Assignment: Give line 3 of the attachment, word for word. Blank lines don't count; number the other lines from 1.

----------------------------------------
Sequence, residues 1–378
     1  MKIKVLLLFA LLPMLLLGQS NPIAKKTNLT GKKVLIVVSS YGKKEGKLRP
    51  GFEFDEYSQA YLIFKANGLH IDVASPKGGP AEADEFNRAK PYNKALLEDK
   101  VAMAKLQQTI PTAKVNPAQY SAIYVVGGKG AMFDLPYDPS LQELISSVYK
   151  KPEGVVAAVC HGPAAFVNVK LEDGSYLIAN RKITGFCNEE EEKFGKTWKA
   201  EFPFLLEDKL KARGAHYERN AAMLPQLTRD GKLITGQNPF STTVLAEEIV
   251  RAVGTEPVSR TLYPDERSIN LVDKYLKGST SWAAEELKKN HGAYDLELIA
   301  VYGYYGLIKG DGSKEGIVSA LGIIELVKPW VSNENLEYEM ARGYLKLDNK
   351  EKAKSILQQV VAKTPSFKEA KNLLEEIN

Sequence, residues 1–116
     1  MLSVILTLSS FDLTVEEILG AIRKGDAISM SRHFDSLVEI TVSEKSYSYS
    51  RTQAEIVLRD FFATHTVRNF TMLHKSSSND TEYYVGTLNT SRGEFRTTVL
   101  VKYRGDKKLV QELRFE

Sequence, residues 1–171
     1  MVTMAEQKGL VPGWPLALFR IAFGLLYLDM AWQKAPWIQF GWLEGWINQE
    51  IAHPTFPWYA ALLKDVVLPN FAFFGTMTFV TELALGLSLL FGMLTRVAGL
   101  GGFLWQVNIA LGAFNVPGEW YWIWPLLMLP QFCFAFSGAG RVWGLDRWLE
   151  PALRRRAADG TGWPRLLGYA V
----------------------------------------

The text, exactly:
    51  GFEFDEYSQA YLIFKANGLH IDVASPKGGP AEADEFNRAK PYNKALLEDK